Sports / Utah Jazz / 
Minnesota Timberwolves' Karl-Anthony Towns , left, defends as Utah Jazz's Bojan Bogdanovic (44) attempts to shoot in the first half of an NBA basketball game, Monday, April 26, 2021, in Minneapolis. (AP Photo/Jim Mone)

Jim Mone, Associated Press

'You just feel dumb': Gobert takes full blame for defensive miscue in loss to Minnesota

By Ryan Miller, KSL.com | Updated - Apr. 26, 2021 at 10:10 p.m. | Posted - Apr. 26, 2021 at 8:51 p.m.



SALT LAKE CITY — Sometimes a game really does come down to one play.

Things were far from great for the Utah Jazz on Monday. They had lost another big lead, couldn't make a shot for long stretches and were down by double digits in the fourth quarter. Yet, despite all that, they were leading late in the fourth quarter.

Mike Conley had seemingly saved Utah from its second straight embarrassing loss, drilling a 3 with 5.4 seconds left to give the Jazz a one-point lead. It didn't last long.

In a play that encapsulated the odd season series against the Wolves, the Jazz lost track of D'Angelo Russell on the ensuing inbound play and he got a free layup for the game-winning layup. Yes, in the closing seconds a team with Rudy Gobert gave up a wide open layup that lost the game.

That miscue lifted the Wolves to a 105-104 win in Minneapolis as they finished off a season sweep of the Jazz. It was the first time the Wolves have won back to back games all season — both came against the apparent best team in the league. Basketball can be a strange game.

So what happened on that game-deciding play?

"There was a miscommunication," Jazz coach Quin Snyder said. "Mike switched out and Rudy went back to Towns."

It was a creative set by the Wolves. At the free-throw line, Karl-Anthony Towns set a screen for Anthony Edwards, and as Towns rolled out of the screen, Russell set a screen for him. The double screen caused confusion, but the Jazz initially looked like they had it covered — if nothing else by dumb luck

Conley saw that Gobert was bodied up on Russell and stuck with Towns, but then Gobert surged out to defend Towns behind the 3-point line. That left no one on Russell in the paint. The pass came to him and it was game over.

"I mean, the goal was for me was at first to stay with Towns, but in that situation we had to (switch)," said Gobert, who had 18 points in the loss. "I called the black (a switch) so we had to. Mike did exactly what he was supposed to do and I didn't. I mean it's one of those plays when you watch the replay, you just feel dumb. It doesn't happen a lot, but 100% on me for sure."

Said Conley: "I got out on KAT, tried to push him out to half court and I looked behind me, and Russ was laying it up, so I didn't really see what happened behind me, but I guess Rudy got mixed up there along the way and we gave that one up."

The miscommunication apparently didn't end there. The defensive miscue was so bad that it took hardly any time for Minnesota to score, and that meant the Jazz still had 4.2 seconds left to salvage the game.

The call was simple: Clear out and let Conley go one on one for the win. But on the final play, Gobert ended up trying to set a screen and Conley ended up losing the ball.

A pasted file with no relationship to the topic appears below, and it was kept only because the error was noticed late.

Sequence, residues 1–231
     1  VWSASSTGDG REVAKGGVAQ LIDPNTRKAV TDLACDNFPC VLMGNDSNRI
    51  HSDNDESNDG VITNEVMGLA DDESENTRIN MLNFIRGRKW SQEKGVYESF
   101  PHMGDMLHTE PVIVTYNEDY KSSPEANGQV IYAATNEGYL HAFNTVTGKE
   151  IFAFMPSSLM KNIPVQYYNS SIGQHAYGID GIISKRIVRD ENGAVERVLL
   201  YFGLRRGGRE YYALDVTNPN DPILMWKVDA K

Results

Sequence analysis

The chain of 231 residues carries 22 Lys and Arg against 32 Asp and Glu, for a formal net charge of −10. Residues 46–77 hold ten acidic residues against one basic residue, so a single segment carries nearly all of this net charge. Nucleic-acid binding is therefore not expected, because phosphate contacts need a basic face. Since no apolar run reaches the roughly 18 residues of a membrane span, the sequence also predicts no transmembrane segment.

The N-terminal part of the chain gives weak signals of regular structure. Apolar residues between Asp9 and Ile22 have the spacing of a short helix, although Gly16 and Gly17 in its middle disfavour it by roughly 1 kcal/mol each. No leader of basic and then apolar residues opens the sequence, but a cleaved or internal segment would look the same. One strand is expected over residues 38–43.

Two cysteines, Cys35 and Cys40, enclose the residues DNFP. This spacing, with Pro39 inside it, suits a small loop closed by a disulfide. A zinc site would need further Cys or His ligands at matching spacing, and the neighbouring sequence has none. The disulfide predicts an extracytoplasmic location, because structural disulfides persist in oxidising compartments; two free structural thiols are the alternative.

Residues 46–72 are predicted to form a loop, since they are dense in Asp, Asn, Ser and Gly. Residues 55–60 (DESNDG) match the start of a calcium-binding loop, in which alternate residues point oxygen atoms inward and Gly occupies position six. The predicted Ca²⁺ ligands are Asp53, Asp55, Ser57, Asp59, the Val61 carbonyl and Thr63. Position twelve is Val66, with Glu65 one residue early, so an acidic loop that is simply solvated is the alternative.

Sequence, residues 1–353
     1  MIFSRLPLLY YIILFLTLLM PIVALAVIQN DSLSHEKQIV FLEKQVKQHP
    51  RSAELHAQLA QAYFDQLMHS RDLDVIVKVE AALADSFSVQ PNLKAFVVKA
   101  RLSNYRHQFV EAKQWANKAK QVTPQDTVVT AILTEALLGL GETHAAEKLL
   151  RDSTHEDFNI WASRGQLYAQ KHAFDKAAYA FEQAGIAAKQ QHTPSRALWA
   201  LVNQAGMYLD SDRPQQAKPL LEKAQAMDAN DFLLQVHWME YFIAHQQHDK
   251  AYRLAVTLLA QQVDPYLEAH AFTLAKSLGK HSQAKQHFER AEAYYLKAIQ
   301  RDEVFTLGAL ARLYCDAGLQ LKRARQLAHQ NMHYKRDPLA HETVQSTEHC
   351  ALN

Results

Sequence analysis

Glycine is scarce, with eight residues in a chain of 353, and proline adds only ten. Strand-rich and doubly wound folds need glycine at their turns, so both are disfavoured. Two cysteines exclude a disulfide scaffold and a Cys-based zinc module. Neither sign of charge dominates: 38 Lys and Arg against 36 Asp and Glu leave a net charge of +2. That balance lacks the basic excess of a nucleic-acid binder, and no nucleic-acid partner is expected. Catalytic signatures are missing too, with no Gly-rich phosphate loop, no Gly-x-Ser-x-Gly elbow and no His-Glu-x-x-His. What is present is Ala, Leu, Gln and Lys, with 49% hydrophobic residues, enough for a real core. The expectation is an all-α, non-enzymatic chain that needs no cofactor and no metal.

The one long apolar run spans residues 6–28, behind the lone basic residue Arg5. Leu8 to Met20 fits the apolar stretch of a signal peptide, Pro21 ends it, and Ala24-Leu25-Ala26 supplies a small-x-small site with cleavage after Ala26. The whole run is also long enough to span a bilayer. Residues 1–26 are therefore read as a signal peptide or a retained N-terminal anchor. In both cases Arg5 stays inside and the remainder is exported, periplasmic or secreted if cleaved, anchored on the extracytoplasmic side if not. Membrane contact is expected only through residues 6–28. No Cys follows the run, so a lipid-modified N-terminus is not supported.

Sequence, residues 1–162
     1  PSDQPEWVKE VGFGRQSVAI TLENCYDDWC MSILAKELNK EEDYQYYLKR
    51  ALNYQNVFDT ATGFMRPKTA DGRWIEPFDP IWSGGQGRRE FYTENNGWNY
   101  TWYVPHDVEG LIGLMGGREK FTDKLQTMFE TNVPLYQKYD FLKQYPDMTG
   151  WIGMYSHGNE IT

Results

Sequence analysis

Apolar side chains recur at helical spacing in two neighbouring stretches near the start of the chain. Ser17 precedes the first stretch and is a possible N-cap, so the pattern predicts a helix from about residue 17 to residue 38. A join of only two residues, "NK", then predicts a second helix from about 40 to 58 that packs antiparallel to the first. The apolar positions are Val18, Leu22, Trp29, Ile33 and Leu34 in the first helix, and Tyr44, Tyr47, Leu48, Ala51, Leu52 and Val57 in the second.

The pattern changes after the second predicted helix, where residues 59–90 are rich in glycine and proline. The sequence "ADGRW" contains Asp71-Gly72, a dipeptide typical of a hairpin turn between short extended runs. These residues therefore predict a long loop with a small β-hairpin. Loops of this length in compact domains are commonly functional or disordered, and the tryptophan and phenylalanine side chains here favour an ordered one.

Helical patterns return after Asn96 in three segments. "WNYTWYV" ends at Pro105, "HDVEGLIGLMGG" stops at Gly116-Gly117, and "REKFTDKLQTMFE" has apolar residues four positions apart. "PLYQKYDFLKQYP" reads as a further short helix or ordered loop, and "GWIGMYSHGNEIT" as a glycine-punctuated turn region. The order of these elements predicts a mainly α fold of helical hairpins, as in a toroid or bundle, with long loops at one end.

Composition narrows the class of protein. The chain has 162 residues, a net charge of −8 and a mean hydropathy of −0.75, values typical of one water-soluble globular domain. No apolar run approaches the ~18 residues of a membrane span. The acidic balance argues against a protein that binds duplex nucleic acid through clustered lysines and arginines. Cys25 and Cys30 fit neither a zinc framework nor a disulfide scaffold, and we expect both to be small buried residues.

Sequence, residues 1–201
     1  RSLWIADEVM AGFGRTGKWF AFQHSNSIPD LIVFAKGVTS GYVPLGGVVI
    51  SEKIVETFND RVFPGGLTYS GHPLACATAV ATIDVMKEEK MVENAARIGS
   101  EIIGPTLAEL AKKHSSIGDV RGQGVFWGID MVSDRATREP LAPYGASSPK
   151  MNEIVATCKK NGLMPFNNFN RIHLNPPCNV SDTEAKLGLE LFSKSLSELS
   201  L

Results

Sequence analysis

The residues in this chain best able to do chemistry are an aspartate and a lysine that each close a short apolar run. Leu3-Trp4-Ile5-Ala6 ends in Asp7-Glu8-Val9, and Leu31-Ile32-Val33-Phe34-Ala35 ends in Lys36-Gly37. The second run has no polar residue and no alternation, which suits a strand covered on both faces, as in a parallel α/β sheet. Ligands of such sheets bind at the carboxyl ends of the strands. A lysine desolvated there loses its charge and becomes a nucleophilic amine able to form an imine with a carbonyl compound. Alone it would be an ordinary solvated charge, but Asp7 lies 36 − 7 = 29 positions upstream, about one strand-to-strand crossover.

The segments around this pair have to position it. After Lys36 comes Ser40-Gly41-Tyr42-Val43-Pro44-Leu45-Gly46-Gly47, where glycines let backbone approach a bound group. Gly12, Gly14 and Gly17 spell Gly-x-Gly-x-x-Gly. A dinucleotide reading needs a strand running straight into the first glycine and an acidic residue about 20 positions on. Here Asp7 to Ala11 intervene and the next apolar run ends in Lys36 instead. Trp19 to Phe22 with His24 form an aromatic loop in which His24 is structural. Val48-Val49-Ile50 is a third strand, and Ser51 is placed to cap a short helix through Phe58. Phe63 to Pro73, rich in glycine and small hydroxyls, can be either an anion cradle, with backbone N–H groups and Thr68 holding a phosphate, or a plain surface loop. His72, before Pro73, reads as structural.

"Rudy came up and tried to make a play and just nowhere to go," said Conley, who had 26 points, nine rebounds and seven assists. "So, It was a tough two-play stretch for us and we've got to be better."

If there's a silver lining in the loss to the Timberwolves it's that it wasn't as bad as Saturday's loss. On the scoreboard, the two games were pretty much carbon copies of each other: The Jazz jumped out to a big first quarter lead, got dominated in the middle quarters, mounted a comeback, and then lost at the end.

But how that happened Monday was a bit better. Saturday's loss was due to turnovers and missed rebounds; Monday's was mostly due to missed shots.

Did the Jazz play perfectly? Far from it. They passed up too many open looks again and rushed some offensive sets, but if just one of their offensive stalwarts would have hit his season average, Utah would have walked away victorious.

Just look at the 3-point stats from Monday:

  • Jordan Clarkson was 1 of 10.
  • Joe Ingles was 3 of 13 — and missed his last nine attempts.
  • Bojan Bogdanovic was 1 of 11.
  • Conley was 3 of 9.
  • Utah was 16 for 57 from distance for 28% as a team.

"We're a team that relies on our guys making open shots, shooting open shots and creating for each other," Conley said. "We've had opportunities the last two games and we've had uncharacteristic-type performances from a lot of people. A lot of us probably will watch the film, sit back and (think) about every shot we've taken and wish we could have them back because they're good looks, and we should take them every single time."

Those shots eventually did get Utah back in the game, though. Georges Niang hit four 3s in the fourth quarter to help lead the comeback and it was a 3-point bomb by Conley that gave the Jazz a very short-lived lead at the end. Then the inexplicable miscue happened, leading to another inexplicable loss.

"It's hard not to dwell on one play, obviously, when it's that impactful," Snyder said of the final blown defensive play. "But I think for us to put ourselves in those situations, this isn't a moral victory but (this is the) mentality that we have to have in order to be successful, and obviously we have to we have to close."

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